Streetcar Advertising in America

Woodson J. Savage

See how many of the products and brands we enjoy today got established via streetcar advertising almost 100 years ago. Over 250 of these colorful advertising cards are featured.
Date Published :
March 2016
Publisher :
Fonthill Media
Language:
English
Illustration :
Full Color throughout
Format Available    QuantityPrice
Binding : Hardback
ISBN : 9781625450401
Pages : 160
Dimensions : 9.75 X 6.75 inches
Stock Status : In stock
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$39.95

Overview
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You might be surprised to learn that many of the consumer brands and products we enjoy today exist because of streetcar advertising. The Industrial Revolution of the early 1900’s and a massive consumer audience riding over 50,000 streetcars in nearly 3,000 cities and towns in every state of the union provided a great opportunity for Barron Collier, a native of Memphis, Tennessee. He simply used streetcar advertising to bring these two forces together and created the largest streetcar advertising empire in the world. By age twenty-six, he was a millionaire and at one time had business offices in 70 cities with business interests in more than a thousand cities. Most of these advertising cards have remarkable color graphics; over 250 of them are included in this book for your viewing pleasure. While streetcar advertising is definitely not a major advertising medium today, the advertising community might be surprised to learn that the basic principles of consumer advertising have not changed that much in the last one hundred years. Investors might do well to review this book to see which companies are still producing these popular products and brands as they represent some of the most successful businesses in America today.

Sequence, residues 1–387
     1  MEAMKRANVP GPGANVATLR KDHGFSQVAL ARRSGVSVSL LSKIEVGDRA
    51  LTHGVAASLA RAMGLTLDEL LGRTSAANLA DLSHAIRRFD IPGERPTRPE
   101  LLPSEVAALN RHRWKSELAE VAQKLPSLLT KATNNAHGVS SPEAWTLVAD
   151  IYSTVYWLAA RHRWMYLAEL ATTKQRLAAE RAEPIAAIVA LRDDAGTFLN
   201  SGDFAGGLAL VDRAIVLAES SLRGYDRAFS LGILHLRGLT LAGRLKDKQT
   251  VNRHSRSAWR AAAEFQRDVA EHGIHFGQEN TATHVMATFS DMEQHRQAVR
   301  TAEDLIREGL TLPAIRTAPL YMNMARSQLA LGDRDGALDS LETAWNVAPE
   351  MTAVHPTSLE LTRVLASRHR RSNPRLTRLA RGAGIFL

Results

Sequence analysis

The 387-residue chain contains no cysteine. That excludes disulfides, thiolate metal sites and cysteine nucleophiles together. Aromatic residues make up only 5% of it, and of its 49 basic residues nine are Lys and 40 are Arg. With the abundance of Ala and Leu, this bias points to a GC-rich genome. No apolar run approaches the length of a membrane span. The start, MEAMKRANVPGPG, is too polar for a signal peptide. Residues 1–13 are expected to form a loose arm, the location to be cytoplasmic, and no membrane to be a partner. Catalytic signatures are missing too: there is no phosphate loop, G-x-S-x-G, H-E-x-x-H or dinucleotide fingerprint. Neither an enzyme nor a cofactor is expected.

About The Author
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The author, a native of West Tennessee, has collected advertising signs and related items for over 40 years. His recent attraction to cardboard streetcar advertising signs was a result of their superb graphics and his fascination with the history associated with the creation and use of these cards as well as with the companies, products, and services offered. The restoration of these cards and the discovery that Barron Collier, a fellow Memphian born in 1873, became the Father of Streetcar Advertising in America only made his interest in this hobby more gratifying.

REVIEWS
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"As a longtime trolley museum motorman, I have often observed the interest our passengers show in the vintage interior advertisements above the windows, the car cards. Now there’s a book on the history of car cards that fills a gap in the literature. Woodson Savage has been collecting car cards and researching their history...After relating the history of car cards, the majority of the book is devoted to a colorful gallery of the cards themselves. The color and reproduction on coated paper are excellent. Most of them are national brands, many of which survive today. The galleries are divided into product types, with histories of these ad campaigns. Savage’s personal collection can be viewed online at fineartamerica.com/artists/Woodson Savage. Savage has joined the Western Railway Museum, and is working with them to catalog and scan their 900-card collection....the book is well produced, fun to browse through and may deserve a place in your museum store."

- The Magazine of ATRRM

"A fascinating book which provided and insight into the emergence of modern America in the early part of the 20th century, as much as anything else... Color reproduction in the book is to an excellent standard and quite rightly so because its the adverts themselves that tell their own story."

- Coach & Bus Week.

"tells the remarkable story of Barron Collier, talks about the history of streetcar advertising, and also contains pages and pages of eye-catching examples of the best advertising of the day. The cover alone just gives you a hint of the colorful treasures on display inside... It's a fine book, and you'll enjoy it."

- Memphis: The City Magazine

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